Posts Tagged ‘eclipse’

The Eclipse Foundation Releases Open Source Smart Home & IoT Gateway Frameworks, MQTT & oneM2M Implementations

June 17th, 2016 3 comments

The Eclipse Internet of Things (IoT) Working Group has released – or soon will be releasing – four open source projects for the Internet of Things with Eclipse SmartHome 0.8 framework, Eclipse Kura 2.0 IoT gateway framework, Eclipse Paho 1.2 MQTT & MQTT-SN clients, and Eclipse OM2M 1.0 implementation of oneM2M standard.

Eclipse_IoTEclipse SmartHome 0.8

Eclipse SmartHome is a framework for smart home solutions that runs on embedded devices, including Raspberry Pi, BeagleBone Black or Intel Edison development boards.

The latest SmartHome 0.8 release includes a new REST API and corresponding “Paper UI” administration interface, support for new devices including Sonos speakers, LIFX bulbs, Belkin WeMo devices, digitalSTROM systems, EnOcean devices (via a new OSGi EnOcean Base Driver) and others, as well as a new rule engine supporting templates for beginners, JavaScript for automation rules and graphical rule editors.

You can find more details on Eclipse SmartHome page, and/or download SmartHome 0.8, and optionally SmartHome Designer for Linux, Mac OS X, or Windows.

Eclipse Kura 2.0

Eclipse Kura is a framework for building IoT gateways with the latest Kura 2.0 release to bring a new responsive user interface (UI), support for multiple cloud connections to Eurotech Everyware Cloud, Amazon AWS IoT, Microsoft Azure IoT and IBM IoT Foundation, new tools and code samples to ease the creation of Kura applications, and tighter integration with Apache Camel.

Eclipse Kura 2.0 will be available later in June. You can find more details, including instructions to use it on BeagleBone Black and Raspberry Pi boards on Eclipse Kura page. Kura is also found on commercial M2M and IoT gateways such Eurotech ReliaGATE 15-10.

Eclipse Paho 1.2

Paho MQTT Clients Features Comparison (Click to Enlarge)

Paho MQTT Clients Features Comparison (Click to Enlarge)

Paho provides an open-source client implementations of the MQTT and MQTT-SN messaging protocols in Java, Python, JavaScript, C, .Net, Android and Embedded C/C++ client libraries. Paho 1.2 release adds automatic reconnect & offline buffering functionality for the C, Java and Android Clients, webSocket support for the Java and Python Clients, and a new Go Client for Windows, Mac OS X, Linux and FreeBSD.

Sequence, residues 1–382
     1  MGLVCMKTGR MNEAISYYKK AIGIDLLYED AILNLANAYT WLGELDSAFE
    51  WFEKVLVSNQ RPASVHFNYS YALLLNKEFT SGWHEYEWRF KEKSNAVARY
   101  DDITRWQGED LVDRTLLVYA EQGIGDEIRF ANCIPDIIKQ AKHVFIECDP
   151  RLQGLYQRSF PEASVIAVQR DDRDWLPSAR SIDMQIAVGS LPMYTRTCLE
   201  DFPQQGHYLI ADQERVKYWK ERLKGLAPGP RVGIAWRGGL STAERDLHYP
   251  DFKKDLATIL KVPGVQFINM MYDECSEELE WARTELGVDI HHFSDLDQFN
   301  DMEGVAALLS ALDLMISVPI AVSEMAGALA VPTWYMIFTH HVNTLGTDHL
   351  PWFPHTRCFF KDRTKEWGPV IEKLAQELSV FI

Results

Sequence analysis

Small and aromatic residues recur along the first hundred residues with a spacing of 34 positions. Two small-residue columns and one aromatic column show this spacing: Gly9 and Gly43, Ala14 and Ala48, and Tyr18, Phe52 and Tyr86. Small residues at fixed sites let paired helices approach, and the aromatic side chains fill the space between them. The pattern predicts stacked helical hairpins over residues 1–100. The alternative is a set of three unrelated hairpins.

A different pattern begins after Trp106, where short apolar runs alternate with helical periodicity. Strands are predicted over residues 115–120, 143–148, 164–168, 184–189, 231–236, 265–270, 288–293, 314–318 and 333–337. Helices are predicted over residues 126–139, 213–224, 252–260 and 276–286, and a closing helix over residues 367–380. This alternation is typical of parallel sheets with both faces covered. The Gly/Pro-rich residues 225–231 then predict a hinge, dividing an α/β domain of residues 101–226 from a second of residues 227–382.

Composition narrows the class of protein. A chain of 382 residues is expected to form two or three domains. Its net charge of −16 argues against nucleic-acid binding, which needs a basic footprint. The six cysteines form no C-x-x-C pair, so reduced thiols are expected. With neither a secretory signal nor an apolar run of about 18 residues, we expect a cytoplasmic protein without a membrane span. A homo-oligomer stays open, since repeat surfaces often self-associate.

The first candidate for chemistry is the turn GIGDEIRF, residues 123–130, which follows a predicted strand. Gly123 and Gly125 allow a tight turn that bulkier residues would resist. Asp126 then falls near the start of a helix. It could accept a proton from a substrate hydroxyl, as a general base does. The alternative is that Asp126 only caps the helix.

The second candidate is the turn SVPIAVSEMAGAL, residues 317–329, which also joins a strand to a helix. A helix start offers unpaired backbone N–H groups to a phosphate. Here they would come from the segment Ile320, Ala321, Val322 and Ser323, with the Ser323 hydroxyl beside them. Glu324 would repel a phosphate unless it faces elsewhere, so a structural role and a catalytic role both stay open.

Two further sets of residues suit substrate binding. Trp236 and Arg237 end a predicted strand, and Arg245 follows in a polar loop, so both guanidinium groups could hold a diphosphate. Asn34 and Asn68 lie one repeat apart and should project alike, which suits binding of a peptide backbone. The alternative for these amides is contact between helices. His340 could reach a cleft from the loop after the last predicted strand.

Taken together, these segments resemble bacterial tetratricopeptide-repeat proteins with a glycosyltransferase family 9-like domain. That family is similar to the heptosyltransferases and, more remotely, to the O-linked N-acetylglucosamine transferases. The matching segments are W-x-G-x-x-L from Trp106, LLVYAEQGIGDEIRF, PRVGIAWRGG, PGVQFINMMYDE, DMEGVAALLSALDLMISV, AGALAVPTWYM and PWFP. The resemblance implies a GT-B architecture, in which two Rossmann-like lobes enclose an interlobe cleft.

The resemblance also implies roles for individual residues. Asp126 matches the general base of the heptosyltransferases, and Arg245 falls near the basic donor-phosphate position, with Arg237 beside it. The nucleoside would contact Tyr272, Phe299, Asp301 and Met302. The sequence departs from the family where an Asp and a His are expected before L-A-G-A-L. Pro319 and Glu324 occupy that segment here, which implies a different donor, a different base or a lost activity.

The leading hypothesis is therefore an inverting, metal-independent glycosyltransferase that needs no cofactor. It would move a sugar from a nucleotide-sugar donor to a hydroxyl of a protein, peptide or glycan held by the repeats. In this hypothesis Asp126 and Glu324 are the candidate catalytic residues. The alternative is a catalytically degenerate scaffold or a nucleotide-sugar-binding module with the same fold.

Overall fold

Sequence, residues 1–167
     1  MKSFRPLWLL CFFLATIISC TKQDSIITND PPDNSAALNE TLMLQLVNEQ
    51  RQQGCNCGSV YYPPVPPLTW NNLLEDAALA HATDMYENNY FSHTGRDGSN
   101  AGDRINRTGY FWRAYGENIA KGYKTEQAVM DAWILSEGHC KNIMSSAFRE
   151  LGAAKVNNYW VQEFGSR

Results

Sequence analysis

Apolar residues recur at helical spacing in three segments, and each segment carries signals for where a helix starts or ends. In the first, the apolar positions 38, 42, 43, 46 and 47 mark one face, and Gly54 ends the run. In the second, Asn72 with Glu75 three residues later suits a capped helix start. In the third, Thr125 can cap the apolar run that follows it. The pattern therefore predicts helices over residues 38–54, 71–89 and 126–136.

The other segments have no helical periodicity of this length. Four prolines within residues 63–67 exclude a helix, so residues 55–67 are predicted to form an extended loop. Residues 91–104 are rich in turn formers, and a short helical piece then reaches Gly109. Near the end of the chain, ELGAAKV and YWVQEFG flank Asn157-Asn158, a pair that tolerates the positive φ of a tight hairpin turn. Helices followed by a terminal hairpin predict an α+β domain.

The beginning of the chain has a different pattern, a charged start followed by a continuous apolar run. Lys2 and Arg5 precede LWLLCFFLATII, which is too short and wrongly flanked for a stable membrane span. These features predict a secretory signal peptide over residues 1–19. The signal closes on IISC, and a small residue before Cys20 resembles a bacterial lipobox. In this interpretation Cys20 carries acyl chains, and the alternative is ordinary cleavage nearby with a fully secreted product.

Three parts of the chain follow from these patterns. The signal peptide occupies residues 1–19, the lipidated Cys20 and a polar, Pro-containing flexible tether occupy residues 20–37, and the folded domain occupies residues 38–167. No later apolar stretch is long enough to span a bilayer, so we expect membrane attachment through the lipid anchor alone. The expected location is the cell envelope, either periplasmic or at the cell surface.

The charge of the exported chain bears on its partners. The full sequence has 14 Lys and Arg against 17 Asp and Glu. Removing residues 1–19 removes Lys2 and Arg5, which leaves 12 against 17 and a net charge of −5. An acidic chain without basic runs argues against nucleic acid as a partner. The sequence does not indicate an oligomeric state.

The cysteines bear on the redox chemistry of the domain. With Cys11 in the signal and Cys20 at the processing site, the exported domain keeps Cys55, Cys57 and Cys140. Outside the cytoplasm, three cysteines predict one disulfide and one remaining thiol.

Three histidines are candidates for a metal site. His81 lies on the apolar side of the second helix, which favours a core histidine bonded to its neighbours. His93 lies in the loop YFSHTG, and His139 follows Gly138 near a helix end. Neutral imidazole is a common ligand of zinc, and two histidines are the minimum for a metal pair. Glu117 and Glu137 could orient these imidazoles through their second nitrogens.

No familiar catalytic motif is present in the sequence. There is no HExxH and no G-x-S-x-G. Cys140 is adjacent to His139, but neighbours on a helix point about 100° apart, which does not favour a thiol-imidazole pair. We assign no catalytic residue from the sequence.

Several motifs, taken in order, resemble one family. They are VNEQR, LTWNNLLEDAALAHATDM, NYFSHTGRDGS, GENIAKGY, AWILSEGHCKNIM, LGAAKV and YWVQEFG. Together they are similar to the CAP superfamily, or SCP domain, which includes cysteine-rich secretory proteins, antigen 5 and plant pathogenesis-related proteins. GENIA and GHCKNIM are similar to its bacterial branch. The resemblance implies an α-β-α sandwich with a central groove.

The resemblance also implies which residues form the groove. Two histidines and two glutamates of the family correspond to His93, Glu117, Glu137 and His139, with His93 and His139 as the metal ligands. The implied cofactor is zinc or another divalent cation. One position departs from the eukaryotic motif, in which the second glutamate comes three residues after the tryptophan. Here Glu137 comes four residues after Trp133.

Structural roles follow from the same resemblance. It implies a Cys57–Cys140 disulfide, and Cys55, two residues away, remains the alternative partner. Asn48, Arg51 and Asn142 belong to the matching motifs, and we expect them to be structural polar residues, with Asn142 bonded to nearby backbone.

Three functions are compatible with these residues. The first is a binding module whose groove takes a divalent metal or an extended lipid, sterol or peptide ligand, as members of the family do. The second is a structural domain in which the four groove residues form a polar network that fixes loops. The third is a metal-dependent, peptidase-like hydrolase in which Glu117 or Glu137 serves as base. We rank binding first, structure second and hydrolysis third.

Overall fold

Visit Eclipse Paho page for more details about the implementations and to download the latest 1.2 version.

Eclipse OM2M 1.0

Eclipse OM2M is an open source implementation of the oneM2M standard, and the version 1.0 includes the following features:

  • Modular platform architecture, based on OSGi making it highly extensible
  • Lightweight REST API exposed through multiple communication bindings including HTTP and CoAP protocols and supporting various content formats such as XML and JSON.
  • Flexible data storage based on an abstract persistence layer supporting embedded & server databases, in-memory mode, SQL & NoSQL models.
  • Implementation of  Dedicated Common Service Entity (CSE) for Infrastructure node (IN), Middle Node (MN), and Application Service Node (ASN), and Common Service Function (CSF) including: Registration, Application and Service Management, Discovery, Data Management and Repository, Subscription and Notification, Group Management, Security, etc.
oneM2M Functional Architecture with AE (Application Entity), CSE and NSE

oneM2M Functional Architecture with AE (Application Entity), CSE and NSE

Version 1.0 release will be available later this month, you can find out more on Eclipse OM2M page.

The foundation has also issued a proposal for Eclipse Kapua open source project aimed to create a modular integration platform for IoT devices and smart sensors.

You can also check out other open source IoT projects on Eclipse IoT microsite.

STMicro Releases Linux based STM32 MCU Development Tools